Active Shooter Situations Increasing in Hospitals


Health-system pharmacists may see an increasing threat of active shooter situations in their hospitals.

Health-system pharmacists may see an increasing threat of active shooter situations in their hospitals.

A viewpoint article published in JAMA referenced that the average number of active shooter incidents in hospital settings has increased from 9 annually between 2000 and 2005 to 16.7 annually between 2006 and 2011. A total of 161 individuals have perished from these incidents.

While rare, the study authors argued that active shooter situations threaten the “all-important sanctity of this benevolent and altruistic enterprise.”

Hospital employees may be able to help. Identifying patients with violent behaviors and reporting credible threats to the police could potentially prevent active shooter events from happening.

Security cameras, accessible panic buttons, lighting, defined emergency escape routes, and gun-free signage are some other suggestions the study authors offered to combat active shooter situations. In addition, hospitals could employ an on-site police department, handheld magnetometers, or metal detectors.

In 2014, the US Department of Health and Human Services (HHS) urged health care facilities to incorporate an active shooter incident plan into their emergency operations plans, and it released a planning guide to help them accomplish this. The HHS described health care facilities are “vulnerable targets.”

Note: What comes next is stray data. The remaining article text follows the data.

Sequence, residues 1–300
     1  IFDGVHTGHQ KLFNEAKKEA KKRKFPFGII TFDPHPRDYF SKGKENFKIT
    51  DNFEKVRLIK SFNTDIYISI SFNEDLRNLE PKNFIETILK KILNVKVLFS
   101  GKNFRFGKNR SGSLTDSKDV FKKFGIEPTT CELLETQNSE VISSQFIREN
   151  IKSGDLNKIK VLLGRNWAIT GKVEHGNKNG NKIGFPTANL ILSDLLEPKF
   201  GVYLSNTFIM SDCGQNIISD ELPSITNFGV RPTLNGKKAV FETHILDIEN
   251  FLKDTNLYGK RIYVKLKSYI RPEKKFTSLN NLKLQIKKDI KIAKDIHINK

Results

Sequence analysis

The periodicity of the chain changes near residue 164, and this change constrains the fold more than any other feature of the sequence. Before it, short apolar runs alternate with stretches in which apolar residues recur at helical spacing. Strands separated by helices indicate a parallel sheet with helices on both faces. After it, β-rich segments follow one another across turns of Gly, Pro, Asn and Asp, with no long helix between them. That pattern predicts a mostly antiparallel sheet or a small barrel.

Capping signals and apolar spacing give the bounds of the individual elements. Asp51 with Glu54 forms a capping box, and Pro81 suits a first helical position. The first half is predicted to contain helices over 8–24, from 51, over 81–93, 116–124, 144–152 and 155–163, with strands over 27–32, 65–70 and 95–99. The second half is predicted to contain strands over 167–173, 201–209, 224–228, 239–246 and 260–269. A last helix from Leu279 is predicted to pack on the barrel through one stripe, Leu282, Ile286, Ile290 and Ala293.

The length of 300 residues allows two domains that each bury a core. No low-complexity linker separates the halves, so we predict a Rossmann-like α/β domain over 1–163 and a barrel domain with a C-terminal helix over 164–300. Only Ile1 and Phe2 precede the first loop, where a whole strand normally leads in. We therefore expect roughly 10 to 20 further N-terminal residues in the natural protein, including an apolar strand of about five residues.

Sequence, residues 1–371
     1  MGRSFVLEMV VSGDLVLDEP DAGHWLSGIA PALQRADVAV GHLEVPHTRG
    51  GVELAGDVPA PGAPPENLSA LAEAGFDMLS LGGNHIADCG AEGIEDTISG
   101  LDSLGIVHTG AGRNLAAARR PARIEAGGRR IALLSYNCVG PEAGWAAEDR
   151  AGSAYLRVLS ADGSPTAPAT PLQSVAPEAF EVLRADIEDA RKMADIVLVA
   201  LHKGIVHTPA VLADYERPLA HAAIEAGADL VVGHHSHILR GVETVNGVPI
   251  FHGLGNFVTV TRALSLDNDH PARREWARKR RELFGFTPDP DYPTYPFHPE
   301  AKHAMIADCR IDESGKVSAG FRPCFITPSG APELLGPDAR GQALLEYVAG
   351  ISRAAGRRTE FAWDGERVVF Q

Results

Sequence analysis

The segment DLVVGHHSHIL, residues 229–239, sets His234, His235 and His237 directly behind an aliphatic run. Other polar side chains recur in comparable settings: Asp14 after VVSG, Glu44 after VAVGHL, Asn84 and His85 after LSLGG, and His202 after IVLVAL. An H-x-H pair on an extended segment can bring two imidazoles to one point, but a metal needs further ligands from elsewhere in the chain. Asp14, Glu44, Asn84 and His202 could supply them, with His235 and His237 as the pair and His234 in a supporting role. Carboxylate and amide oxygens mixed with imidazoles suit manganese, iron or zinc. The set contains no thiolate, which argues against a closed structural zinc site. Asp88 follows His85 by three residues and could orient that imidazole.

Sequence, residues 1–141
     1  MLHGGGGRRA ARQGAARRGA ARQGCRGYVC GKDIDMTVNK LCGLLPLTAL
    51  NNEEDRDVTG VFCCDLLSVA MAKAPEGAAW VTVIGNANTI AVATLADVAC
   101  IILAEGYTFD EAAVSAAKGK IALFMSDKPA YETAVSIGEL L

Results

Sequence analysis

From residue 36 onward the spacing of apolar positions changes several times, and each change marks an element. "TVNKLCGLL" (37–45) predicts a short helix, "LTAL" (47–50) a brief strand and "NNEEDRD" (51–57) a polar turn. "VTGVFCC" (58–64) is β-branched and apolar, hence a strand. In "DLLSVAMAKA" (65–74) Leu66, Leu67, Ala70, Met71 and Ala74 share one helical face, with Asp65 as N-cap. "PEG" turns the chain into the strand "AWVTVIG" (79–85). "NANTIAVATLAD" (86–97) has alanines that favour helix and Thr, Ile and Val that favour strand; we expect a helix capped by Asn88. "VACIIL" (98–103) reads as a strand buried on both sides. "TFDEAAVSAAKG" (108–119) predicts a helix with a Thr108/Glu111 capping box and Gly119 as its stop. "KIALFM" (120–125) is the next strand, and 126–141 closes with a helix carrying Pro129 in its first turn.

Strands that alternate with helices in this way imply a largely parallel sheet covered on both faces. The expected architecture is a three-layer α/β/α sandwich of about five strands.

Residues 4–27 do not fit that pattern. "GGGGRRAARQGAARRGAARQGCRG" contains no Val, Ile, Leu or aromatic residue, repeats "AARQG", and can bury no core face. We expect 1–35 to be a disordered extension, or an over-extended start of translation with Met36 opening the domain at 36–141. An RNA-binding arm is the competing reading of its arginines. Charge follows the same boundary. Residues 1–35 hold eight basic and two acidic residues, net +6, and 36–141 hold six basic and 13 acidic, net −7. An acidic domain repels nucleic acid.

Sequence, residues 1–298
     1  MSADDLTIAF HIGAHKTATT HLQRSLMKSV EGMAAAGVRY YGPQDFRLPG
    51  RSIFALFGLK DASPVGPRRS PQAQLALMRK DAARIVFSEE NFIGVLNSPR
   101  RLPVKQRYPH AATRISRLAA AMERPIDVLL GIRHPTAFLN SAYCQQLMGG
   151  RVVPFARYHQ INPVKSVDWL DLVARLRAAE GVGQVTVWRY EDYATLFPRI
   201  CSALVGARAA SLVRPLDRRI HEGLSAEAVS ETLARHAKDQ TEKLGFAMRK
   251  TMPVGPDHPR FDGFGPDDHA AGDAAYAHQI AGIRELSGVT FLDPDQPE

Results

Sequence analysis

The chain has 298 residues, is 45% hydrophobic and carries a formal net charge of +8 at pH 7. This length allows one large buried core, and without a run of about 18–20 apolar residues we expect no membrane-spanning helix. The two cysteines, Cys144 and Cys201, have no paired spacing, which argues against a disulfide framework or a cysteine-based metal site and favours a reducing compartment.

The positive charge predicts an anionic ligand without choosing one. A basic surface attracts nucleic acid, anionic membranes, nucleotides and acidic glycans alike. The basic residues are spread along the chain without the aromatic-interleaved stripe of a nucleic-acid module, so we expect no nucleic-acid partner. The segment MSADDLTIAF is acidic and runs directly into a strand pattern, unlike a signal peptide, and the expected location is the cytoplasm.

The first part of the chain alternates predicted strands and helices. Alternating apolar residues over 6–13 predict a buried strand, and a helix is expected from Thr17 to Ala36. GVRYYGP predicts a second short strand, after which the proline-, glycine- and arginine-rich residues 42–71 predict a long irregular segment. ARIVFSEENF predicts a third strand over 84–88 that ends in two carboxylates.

The study authors pointed out that some states have also passed laws prohibiting individuals from carrying concealed weapons at health care facilities, but elsewhere, states and local governments may be cautious about implementing a law that could spark litigation related to Second Amendment rights.

“Not until such time that greater attention is being paid to access to mental and behavioral health services, and to the human toll of widely available firearms, can hospital-based active shooter incidents be expected to interrupt their apparent forward march,” the study authors concluded.

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